Counsel negotiating a settlement on behalf of a class should start with class relief before any talk of attorneys’ fees, a plaintiffs’ attorney says. That will ensure that the attorney avoids “the most obvious and most serious of ethical allegations: that you have traded off class relief and fees,” Jocelyn Larkin, executive director of the Impact Fund, told webinar attendees Aug. 20.
Defendants often try to negotiate class settlements with one number, saying they don’t really care how it’s allocated, she said. “Resist negotiating along those lines.” Tell defendants early that you want to discuss class relief first, and only then talk about fees and incentive awards, she said. She suggested getting the mediator’s help in keeping the discussions separate if possible.
“You want to create a very clean record to show you weren’t putting your own interests first, and giving up something the class could get,” Larkin said.
Setting parameters for the claims procedure also needs to be a priority during the negotiations, Larkin said. If the procedure is too complicated and class members can’t make claims easily, a great-sounding deal falls flat.
Do Your Research
Larkin also recommended that class counsel ensure they have adequate information to assess the case and the claims before they enter settlement talks.
The dangers of forging ahead too fast are illustrated by the Nissan LEAF settlement, where Chief Judge Alex Kozinski of the U.S. Court of Appeals for the Ninth Circuit got involved as an objector, she said.
There, a class of LEAF owners alleging misrepresentations about the car’s driving range and battery capacity reached a deal with the carmaker that gave them an extended warranty against battery capacity loss for either 60 months or 60,000 miles, whichever comes first Klee v. Nissan N. Am. Inc., 2015 BL 216909, C.D. Cal., No. 12-8238, final settlement approval 7/7/15. In exchange, the class members would release all claims against defendant Nissan North America Inc.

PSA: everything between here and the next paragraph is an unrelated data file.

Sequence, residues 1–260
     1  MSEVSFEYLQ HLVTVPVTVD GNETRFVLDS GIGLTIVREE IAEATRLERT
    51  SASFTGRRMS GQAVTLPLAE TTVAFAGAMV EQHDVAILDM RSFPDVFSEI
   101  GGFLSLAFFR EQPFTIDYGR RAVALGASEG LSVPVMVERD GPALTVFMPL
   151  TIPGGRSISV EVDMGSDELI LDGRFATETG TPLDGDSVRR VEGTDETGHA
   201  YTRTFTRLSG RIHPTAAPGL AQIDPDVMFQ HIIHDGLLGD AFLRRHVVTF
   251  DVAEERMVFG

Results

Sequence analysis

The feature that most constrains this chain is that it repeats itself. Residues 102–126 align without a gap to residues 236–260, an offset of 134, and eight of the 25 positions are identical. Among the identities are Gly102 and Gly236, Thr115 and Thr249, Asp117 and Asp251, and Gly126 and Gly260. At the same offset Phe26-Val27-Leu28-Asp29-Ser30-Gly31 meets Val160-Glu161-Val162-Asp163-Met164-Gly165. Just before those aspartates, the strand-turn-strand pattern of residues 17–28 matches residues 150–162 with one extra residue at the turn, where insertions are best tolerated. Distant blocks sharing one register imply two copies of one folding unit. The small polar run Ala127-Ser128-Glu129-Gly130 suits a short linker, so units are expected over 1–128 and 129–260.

Kozinski argued that class members would get nothing out of the settlement because Nissan had already modified the warranty (15 CLASS 126, 2/14/14). He based his objection on the fact that plaintiffs’ counsel had done almost no discovery in the case, Larkin said. Instead they agreed with the defendants’ offer to hand over “confirming discovery” after a settlement was met. “Kozinski absolutely eviscerated them for that,” Larkin said.
Corporate defendants will always claim they have done nothing until they are caught through discovery, she said. And there, the plaintiffs’ counsel really didn’t know how strong their case was, which made it “absolutely inappropriate for them to be negotiating.”
Cornelia Dai, partner at plaintiffs’ firm Hadsell Stormer & Renick LLP in Pasadena, Calif., said the LEAF case is an example of the importance of objectors. Even though they can often be a nuisance and cause delay, sometimes they serve a purpose, she said. Because of Kozinski’s objection, the parties negotiated a new deal with better terms for the class, including replacement batteries for some class members.
Consider Interim Counsel Job
Dai also suggested that plaintiffs’ attorneys consider stepping up to be interim class counsel to act on behalf of a putative class early in a case. She acknowledged that this often means more work early in the litigation, but stressed its benefits. “It establishes that you are counsel for the class and that your relationship with class members is strong,” she said. It also gives the attorney a chance to show his or her experience and abilities, and to prove that he or she is “being aggressive in litigating the case to the court if other firms or attorneys show up later on,” she said. “It’s your chance to show early on the merits of your case,” Dai said.
Larkin and Dai spoke at a webinar on ethical questions in class action settlements hosted by the Impact Fund. The Berkeley, California-based Impact Fund provides non-profit legal support to class action plaintiffs.
Reproduced with permission from Class Action Litigation Report, 16 CLASS 947 (Aug. 8, 2015). Copyright 2015 by The Bureau of National Affairs, Inc. (800-372-1033) <http://www.bna.com>
To contact the reporter on this story: Perry Cooper in Washington